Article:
"When the first wrong was done to the first Indian, I was there. When the first slaver put out from the Congo, I stood on her deck. Am I not in your books and stories and beliefs? Am I not spoken of, still, in every church in New England? 'Tis true the North claims me for a Southerner and the South for a Northerner, but I am neither. I am merely an honest American like yourself—and of the best descent—for, to tell the truth, Mr. Webster, though I don't like to boast of it, my name is older in this country than yours."—Mr. Scratch
A perennially hyped film was created in 1941—some falderal about a citizen named Kane and his beloved rosebud. The long shadow of Citizen Kane has obscured another deserving film, a film less groundbreaking yet remarkably innovative and sure. William Dieterle's The Devil and Daniel Webster is unsettling, wandering from stout reality to feverish Faustian nightmare. It is a film about American optimism and misdeeds, about the trials of retaining one's personality in the face of wealth, about love and redemption. Though The Devil and Daniel Webster hits an occasional flat note, the majority is engrossing. A wretched transfer mars complete enjoyment of the film, but don't be surprised if the characters and visual symbols plague you long after the credits roll.
Facts of the Case
Jabez Stone (James Craig) is living just above poverty with his young wife Mary (Anne Shirley) and God-fearing mother (Jane Darwell). His luck takes a hard turn, and Jabez knows the family's resources are exhausted. In desperation, he offers to sell his soul for two cents. In a heartbeat, Mr. Scratch (Walter Huston) is there to bargain: in return for seven years of luck and prosperity, Jabez will cough up his soul.
At first, Jabez seems unchanged despite the piles of gold at his feet. So the devil insinuates himself into the Stone family to protect his investment. Jabez turns cold and ruthless. He trivializes Mary while falling in lust with Belle (Simone Simon), a succubus sent by Mr. Scratch.
Mary is increasingly alarmed by her husband's callous behavior. She calls on the highly regarded statesman Daniel Webster (Edward Arnold) to intervene. Daniel vows that he would fight a dozen devils to save one American. Daniel tricks Mr. Scratch into giving Jabez a chance at redemption…but even this one chance is rigged in the Devil's favor.
At first glance, The Devil and Daniel Webster seems rather hokey. The "poah fahmahs" speak in exaggerated salt-of-the-earth colloquial drawls. Ma thumps her bible regularly. Cloying patriotism is rampant, the sort of unabashed flag waving that would make apple pie and amber waves of grain seem non-conformist by comparison. Kids are quick with lines like "Gee, Mister!" Even the nastiest rebellion is couched in laughably inoffensive terms: Jabez' most shocking oath is the dreaded "consarnit!," a phrase that blanches the cheeks of the rosiest maiden and sends church ladies scurrying for cover.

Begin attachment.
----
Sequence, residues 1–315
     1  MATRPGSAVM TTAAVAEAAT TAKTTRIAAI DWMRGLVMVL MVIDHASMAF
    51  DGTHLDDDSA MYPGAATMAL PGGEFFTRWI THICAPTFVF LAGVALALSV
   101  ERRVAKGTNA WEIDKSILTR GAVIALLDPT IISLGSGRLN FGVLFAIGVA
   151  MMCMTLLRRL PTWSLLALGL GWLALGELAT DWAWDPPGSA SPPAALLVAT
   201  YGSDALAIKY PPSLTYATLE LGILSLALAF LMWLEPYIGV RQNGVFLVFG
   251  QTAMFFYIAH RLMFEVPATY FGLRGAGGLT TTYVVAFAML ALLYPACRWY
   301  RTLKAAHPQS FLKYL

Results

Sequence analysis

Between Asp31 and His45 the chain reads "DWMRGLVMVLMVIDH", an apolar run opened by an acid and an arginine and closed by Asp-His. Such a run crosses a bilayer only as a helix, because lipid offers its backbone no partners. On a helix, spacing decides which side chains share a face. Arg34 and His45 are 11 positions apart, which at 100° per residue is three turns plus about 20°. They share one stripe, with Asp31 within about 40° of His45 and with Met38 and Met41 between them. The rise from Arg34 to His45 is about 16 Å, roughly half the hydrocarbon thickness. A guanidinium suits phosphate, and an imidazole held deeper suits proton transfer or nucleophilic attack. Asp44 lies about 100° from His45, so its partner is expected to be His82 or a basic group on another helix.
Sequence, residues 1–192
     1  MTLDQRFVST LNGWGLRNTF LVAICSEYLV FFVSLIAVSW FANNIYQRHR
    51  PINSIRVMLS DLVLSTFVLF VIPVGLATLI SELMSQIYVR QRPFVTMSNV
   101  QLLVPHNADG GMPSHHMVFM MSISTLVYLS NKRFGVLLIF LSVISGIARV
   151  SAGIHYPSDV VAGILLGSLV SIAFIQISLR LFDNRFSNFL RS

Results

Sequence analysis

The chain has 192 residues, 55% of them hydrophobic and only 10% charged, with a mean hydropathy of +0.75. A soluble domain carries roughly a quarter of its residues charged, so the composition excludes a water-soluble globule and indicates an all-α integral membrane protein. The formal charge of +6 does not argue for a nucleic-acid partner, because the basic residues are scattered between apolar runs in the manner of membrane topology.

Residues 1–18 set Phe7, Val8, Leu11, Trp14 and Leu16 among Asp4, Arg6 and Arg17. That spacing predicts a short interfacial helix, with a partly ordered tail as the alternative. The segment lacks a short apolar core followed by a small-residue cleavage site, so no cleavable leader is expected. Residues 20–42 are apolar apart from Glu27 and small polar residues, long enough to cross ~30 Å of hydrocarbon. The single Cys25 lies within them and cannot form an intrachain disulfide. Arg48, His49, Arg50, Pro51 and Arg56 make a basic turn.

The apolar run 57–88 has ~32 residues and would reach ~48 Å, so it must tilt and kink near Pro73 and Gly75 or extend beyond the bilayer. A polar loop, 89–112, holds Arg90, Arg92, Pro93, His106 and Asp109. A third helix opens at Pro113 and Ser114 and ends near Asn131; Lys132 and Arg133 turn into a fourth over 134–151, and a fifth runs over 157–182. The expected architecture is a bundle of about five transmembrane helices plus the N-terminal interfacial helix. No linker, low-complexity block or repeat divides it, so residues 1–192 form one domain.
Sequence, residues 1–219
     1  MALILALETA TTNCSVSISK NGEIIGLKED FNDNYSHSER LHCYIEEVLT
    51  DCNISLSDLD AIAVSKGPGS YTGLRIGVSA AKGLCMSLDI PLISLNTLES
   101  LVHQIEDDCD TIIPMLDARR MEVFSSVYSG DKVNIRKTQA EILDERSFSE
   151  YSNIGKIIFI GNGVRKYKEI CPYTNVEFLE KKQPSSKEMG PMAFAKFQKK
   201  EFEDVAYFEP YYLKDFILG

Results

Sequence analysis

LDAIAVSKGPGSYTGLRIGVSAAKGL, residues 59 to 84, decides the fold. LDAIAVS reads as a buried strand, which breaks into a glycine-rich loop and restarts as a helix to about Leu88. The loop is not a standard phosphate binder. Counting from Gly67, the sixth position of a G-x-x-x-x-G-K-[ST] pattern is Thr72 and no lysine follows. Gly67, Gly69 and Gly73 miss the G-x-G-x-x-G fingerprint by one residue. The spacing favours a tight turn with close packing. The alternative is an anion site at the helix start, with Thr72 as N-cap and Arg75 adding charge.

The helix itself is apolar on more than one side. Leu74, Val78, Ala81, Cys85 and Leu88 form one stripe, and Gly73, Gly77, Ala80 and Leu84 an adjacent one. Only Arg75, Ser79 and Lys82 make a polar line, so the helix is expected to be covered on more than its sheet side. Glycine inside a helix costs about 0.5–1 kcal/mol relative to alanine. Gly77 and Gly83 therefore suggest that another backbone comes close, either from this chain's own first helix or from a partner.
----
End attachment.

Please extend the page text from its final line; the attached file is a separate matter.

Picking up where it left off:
The outward layer of clean-shaven "aww, shucks" Americana masks a subtler, richer, darker layer. This layer is couched in innuendo and allusion, cobbled together in a careful dance around the heavy-handed censors. For example, Bruce Eder mentions in the commentary that talk of damnation was off limits in those days. When the deal is struck, Mr. Scratch comments on Jabez' fine signature—a signature that will last till Doomsday. The meaning is clear, though the concept of damnation is neatly avoided. Later, Mary glances at Jabez with such need we can't help but feel the erotic pull. The real coup de grace is Belle's relationship with Jabez. They never so much as kiss, but he buys her a house and dresses her in fine clothes. The townspeople grumble about his infidelity. The raw sexuality of their relationship is evident, but there is no scene for the censors to single out. Hints and whispers provide the real meaning behind The Devil and Daniel Webster.
This "hidden in plain sight" subversion extends to the aforementioned patriotic tone of the film. Both the Devil and Daniel Webster speak unflattering words about America, but the barbs are so masterfully integrated with the plot that you cannot pry them out. The darkness in America's past is acknowledged, even praised. In Daniel Webster's view, it is time to move past these transgressions and mature as a nation. The most important concept: it is never too late to unburden ourselves of past sin, even if we are six years, 364 days into a seven-year contract with Satan. Mr. Scratch, of course, is looking for a few good Americans.